Automatic segmentation editing for cortical surface reconstruction

X. Han, C. Xu, M. E. Rettmann, J. L. Prince

Research output: Contribution to journalConference articlepeer-review


Segmentation and representation of the human cerebral cortex from magnetic resonance images is an important goal in neuroscience and medicine. Accurate cortical segmentation requires preprocessing of the image data to separate certain subcortical structures from the cortex in order to generate a good initial white-matter/gray-matter interface. This step is typically manual or semi-automatic. In this paper, we propose an automatic procedure that is based on a careful analysis of the brain anatomy. Following a fuzzy segmentation of the brain image, the method first extracts the ventricles using a geometric deformable surface model. A region force, derived from the cerebrospinal membership function, is used to deform the surface towards the boundary of the ventricles, while a curvature force controls the smoothness of the surface and prevents it from growing into the outer pial surface. Next, region-growing identifies and fills the subcortical regions in each cortical slice using the detected ventricles as seeds and the white matter and several automatically determined sealing lines as boundaries. To make the method robust to segmentation artifacts, a putamen mask drawn in the Talairach coordinate system is also used to help the region growing process. Visual inspection and initial results on 15 subjects show the success of the proposed method.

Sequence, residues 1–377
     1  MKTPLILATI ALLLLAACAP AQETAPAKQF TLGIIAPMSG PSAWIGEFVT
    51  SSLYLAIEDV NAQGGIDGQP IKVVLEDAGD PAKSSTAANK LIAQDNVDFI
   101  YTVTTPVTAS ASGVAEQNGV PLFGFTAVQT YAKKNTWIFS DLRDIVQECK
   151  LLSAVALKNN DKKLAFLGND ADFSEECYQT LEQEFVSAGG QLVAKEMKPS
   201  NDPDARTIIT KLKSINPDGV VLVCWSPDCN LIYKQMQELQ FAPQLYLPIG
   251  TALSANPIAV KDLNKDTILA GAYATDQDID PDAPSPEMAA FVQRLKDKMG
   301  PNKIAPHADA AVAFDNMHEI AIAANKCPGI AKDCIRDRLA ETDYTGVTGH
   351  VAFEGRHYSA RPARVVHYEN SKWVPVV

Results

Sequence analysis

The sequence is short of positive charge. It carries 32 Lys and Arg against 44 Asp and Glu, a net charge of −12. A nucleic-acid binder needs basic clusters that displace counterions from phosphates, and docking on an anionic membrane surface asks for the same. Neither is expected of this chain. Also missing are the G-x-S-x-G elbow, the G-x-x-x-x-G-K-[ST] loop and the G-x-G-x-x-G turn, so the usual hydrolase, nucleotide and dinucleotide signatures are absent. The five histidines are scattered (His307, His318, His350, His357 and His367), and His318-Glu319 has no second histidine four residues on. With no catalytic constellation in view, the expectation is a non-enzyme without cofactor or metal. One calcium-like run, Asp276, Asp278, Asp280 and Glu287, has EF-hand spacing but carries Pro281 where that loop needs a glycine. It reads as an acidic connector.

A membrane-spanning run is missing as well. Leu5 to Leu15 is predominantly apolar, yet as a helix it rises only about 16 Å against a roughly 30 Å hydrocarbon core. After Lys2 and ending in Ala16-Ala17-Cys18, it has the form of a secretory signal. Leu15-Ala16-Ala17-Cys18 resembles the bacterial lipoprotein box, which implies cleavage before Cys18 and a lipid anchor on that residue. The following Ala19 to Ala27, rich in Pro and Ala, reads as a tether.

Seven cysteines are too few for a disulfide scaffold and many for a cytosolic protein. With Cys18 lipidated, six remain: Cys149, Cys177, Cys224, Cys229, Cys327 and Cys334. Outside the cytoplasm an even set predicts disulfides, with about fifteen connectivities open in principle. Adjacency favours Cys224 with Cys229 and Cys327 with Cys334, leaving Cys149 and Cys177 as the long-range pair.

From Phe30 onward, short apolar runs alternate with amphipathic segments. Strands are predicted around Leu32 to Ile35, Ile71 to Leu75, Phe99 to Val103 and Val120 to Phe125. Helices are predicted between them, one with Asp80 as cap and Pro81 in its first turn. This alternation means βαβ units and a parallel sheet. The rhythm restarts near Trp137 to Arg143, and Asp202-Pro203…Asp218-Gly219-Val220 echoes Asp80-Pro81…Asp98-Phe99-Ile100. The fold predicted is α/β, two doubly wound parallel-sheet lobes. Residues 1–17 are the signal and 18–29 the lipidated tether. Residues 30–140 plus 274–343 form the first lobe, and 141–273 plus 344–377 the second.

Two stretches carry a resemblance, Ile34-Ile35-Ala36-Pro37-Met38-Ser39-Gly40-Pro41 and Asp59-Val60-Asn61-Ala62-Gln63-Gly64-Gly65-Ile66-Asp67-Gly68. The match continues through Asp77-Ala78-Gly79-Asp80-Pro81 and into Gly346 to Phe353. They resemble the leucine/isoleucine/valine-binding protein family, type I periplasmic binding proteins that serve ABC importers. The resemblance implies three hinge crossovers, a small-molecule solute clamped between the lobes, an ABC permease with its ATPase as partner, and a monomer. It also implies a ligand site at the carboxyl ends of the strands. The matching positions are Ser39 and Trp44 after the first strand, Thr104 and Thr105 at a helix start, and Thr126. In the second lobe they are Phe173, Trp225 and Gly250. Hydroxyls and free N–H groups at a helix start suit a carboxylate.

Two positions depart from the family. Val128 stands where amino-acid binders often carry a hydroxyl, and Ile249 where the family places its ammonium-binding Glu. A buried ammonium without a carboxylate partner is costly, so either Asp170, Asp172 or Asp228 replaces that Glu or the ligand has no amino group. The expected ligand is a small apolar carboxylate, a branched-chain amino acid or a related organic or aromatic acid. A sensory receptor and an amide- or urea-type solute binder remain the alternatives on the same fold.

Original languageEnglish (US)
Pages (from-to)194-203
Number of pages10
JournalProceedings of SPIE - The International Society for Optical Engineering
Issue number1
StatePublished - 2001
EventMedical Imaging 2001 Image Processing - San Diego, CA, United States
Duration: Feb 19 2001Feb 22 2001


  • Automated image segmentation
  • Brain atlas
  • Cortical surface reconstruction
  • Geometric deformable surface model
  • MRI brain images
  • Subcortical structures

ASJC Scopus subject areas

  • Electronic, Optical and Magnetic Materials
  • Condensed Matter Physics
  • Computer Science Applications
  • Applied Mathematics
  • Electrical and Electronic Engineering


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